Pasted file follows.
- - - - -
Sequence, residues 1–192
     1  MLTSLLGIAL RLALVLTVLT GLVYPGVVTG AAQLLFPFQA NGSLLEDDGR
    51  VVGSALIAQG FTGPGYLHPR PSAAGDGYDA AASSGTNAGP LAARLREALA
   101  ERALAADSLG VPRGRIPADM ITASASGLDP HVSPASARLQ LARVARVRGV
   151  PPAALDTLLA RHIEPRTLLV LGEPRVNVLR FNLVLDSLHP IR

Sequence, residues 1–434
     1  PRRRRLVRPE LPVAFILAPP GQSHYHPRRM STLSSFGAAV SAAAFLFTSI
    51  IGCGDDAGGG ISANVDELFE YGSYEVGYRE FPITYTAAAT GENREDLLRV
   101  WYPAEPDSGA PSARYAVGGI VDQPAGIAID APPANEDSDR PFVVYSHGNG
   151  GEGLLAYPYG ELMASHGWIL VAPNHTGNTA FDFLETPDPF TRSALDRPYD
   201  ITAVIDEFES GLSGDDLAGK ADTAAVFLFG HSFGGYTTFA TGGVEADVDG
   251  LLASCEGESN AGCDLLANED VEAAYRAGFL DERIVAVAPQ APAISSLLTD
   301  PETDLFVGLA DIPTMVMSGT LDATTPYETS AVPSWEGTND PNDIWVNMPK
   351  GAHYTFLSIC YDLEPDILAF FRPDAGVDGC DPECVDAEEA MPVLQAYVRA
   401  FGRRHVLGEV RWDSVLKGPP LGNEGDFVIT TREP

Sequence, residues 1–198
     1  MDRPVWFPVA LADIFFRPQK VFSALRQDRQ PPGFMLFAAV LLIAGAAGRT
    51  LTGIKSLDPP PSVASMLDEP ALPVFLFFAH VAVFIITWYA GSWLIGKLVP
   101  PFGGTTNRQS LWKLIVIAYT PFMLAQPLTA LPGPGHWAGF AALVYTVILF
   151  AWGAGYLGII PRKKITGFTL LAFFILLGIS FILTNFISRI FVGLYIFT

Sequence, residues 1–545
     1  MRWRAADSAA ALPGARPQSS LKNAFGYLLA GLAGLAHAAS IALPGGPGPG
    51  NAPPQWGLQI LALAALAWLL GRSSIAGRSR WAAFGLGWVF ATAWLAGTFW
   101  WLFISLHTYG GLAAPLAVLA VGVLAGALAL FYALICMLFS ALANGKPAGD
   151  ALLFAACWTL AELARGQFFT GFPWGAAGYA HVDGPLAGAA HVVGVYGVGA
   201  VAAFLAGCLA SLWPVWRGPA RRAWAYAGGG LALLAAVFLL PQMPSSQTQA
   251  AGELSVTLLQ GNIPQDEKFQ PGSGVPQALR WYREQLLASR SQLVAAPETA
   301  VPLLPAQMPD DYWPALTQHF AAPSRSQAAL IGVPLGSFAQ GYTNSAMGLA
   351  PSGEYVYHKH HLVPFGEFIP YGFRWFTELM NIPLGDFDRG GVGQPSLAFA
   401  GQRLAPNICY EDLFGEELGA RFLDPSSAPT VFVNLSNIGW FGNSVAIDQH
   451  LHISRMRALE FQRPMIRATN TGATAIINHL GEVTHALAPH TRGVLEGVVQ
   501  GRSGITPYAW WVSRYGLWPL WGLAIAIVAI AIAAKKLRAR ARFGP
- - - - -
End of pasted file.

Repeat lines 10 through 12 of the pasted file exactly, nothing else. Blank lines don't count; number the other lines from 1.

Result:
   151  GEGLLAYPYG ELMASHGWIL VAPNHTGNTA FDFLETPDPF TRSALDRPYD
   201  ITAVIDEFES GLSGDDLAGK ADTAAVFLFG HSFGGYTTFA TGGVEADVDG
   251  LLASCEGESN AGCDLLANED VEAAYRAGFL DERIVAVAPQ APAISSLLTD